The Badgers and allies (Melininæ) have also a wide range, but with one exception are absent from South America. They comprise the following genera : Arctonyx (1 species), Nepal to Aracan; Meles (4 species), North Europe to Japan, and China as far south as Hongkong (Plate I., vol. i., p. 195); Taxidea (2 species), Central and Western North America to 58° N. Lat. ; Mydaus (1 species), mountains of Java and Sumatra; Melivora (3 species), Tropical and South Africa and India to foot of Himalayas; Mephitis (12 species), America from Canada and British Columbia to the Straits of Magellan (Plate XX., vol. ii., p. 136). Ictonyx (2 species), Tropical Africa to the Cape; Helictis (4 species), Nepal to Java, Formosa and Shanghai (Plate VII., vol. i. p. 331).

Fossil Mustelido.-Species of otter, weasel, badger, and glutton, occur in European bone caves and other Post-tertiary deposits; and in North America Galictis, now found only in the Neotropical region, and, with Mephitis, occurring in Brazilian caves.

VOL. II.-14

Species of Mustela have been found in the Pliocene of France and of South America; and Lutra in the Pliocene of North America.

In the Miocene deposits of Europe several species of Mustela and Lutra have been found; with the extinct genera Taxodon, Potamotherium, and Palæomephitis ; as well as Promephitis in Greece.

In the Upper Miocene of the Siwalik Hills species of Lutra and Mellivora are found, as well as the extinct genera Enhydrion and Ursitaxus.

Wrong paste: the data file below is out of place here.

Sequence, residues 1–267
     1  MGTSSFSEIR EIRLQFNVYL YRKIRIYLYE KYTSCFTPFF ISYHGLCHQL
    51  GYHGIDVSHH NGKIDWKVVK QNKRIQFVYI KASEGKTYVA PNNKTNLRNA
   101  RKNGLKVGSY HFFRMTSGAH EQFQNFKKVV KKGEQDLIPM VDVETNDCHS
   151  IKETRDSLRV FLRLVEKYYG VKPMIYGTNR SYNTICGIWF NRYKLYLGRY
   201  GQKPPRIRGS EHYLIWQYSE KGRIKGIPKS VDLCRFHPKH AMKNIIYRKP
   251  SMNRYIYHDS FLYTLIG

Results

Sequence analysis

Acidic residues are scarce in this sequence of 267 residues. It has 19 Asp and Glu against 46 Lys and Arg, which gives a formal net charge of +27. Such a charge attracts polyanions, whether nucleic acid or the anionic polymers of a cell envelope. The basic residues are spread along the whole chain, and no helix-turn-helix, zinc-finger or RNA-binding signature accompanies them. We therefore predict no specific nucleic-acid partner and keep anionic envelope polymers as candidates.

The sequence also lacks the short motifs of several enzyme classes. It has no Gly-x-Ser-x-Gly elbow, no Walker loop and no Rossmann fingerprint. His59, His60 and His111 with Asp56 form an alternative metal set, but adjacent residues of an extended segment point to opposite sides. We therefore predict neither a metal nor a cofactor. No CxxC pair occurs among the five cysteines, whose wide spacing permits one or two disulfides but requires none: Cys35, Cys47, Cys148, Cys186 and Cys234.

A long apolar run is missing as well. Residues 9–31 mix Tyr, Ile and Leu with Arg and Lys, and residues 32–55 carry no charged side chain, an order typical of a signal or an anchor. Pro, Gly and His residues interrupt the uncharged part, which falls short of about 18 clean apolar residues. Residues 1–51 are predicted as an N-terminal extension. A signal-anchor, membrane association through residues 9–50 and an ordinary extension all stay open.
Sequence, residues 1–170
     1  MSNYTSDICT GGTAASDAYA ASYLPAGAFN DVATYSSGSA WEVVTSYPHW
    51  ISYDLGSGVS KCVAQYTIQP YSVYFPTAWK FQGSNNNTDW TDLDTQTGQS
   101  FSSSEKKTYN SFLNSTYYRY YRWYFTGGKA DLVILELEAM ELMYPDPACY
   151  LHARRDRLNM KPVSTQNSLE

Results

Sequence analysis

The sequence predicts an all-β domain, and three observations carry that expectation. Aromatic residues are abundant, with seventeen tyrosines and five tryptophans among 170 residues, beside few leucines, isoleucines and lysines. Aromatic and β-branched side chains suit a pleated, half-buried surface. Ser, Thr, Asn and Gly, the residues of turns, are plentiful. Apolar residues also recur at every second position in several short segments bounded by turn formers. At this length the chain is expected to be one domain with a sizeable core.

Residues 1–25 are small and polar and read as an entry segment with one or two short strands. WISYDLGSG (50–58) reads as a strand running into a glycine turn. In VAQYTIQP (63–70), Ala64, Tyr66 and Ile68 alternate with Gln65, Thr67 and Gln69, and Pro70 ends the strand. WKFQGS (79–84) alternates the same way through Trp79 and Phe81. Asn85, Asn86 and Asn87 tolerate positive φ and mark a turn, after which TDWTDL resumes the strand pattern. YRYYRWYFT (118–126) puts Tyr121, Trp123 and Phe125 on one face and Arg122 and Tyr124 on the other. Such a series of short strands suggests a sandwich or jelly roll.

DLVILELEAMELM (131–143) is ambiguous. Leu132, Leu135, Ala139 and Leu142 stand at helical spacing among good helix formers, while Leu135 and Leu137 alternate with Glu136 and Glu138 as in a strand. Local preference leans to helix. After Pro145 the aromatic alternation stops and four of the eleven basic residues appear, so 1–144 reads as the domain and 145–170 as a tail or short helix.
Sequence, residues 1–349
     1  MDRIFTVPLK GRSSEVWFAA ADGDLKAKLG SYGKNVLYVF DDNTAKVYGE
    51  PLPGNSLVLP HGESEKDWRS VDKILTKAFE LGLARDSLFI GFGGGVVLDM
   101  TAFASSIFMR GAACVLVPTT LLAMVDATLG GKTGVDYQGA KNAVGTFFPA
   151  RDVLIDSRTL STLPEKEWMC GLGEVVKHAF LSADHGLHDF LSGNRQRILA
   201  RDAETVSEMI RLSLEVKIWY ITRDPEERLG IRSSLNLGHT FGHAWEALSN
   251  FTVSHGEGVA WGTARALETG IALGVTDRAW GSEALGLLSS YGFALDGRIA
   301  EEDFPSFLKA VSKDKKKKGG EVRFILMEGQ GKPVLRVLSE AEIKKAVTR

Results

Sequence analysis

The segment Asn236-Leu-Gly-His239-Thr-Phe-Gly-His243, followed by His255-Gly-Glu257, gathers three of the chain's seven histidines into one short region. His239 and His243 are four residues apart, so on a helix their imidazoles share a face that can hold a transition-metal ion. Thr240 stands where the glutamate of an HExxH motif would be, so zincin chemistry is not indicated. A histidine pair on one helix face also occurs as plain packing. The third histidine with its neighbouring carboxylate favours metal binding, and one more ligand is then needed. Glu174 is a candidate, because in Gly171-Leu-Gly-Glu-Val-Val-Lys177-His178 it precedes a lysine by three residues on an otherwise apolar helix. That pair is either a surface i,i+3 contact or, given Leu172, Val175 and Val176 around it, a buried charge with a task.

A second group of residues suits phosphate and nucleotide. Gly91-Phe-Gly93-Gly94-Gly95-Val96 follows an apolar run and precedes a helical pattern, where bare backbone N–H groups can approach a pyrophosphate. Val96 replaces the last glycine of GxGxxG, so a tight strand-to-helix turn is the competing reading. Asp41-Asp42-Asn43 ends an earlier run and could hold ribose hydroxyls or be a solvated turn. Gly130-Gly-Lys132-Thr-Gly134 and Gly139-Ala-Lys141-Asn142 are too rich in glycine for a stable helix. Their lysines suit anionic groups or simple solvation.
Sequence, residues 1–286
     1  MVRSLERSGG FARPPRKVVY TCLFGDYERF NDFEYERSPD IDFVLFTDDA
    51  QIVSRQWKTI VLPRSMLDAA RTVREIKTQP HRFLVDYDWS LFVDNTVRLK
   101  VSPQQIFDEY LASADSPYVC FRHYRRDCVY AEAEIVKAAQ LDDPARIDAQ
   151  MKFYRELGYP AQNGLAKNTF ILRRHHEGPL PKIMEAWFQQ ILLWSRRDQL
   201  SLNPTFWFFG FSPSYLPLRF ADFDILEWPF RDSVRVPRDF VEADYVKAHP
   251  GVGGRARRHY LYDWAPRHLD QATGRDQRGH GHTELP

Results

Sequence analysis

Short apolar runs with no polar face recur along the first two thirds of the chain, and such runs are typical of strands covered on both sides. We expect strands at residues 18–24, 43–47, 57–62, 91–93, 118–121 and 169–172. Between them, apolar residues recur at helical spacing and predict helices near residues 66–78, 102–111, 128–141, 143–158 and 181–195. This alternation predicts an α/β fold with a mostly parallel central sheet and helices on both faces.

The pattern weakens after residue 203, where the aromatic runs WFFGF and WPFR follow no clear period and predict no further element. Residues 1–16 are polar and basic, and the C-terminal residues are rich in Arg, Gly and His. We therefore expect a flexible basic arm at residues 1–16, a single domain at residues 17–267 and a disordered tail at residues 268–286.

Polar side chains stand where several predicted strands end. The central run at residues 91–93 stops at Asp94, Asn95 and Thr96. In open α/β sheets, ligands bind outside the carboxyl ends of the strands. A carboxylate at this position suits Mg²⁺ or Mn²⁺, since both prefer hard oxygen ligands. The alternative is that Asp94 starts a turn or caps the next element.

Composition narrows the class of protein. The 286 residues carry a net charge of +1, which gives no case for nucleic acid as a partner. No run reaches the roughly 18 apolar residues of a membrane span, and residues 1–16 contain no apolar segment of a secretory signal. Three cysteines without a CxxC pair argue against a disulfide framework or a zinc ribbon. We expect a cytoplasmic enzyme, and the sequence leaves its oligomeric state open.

The family appears to have been unknown in North America during the Miocene period.

FAMILY 30.—PROCYONIDÆ. (4 Genera, 8 Species.)

GENERAL DISTRIBUTION.

NEOTROPICAL NEARCTIC | PALEARCTIC | ETHIOPIAN ORIENTAL AUSTRALIAN SUB-REGIONS. SUB-REGIONS. SUB-REGIONS. SUB-REGIONS. SUB-REGIONS. SUB-REGIONS.

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The Procyonidæ are a small, but very curious and interesting family of bear-like quadrupeds, ranging from British Columbia and Canada on the north, to Paraguay and the limits of the tropical forests on the south.

The Racoons, forming the genus Procyon, are common all over North America; a well-marked variety or distinct species inhabiting the west coast, and another, most parts of South America. The genus Nasua, or the coatis (5 species ?), extends from Mexico and Guatemala to Paraguay. The curious arboreal prehensiletailed kinkagou (Cercoleptes candivolvus) is also found in Mexico and Guatemala, and in all the great forests of Peru and North Brazil. Bassaris (2 species), a small weasel-like animal with a banded tail, has been usually classed with the Viverridæ or Mustelidæ, but is now found to agree closely in all important points of internal structure with this family. It is found in California, Texas, and the highlands of Mexico, and belongs therefore as much to the Nearctic as to the Neotropical region. A second species has recently been described by Professor Peters from Coban in Guatemala, in which country it has also been observed by Mr. Salvin.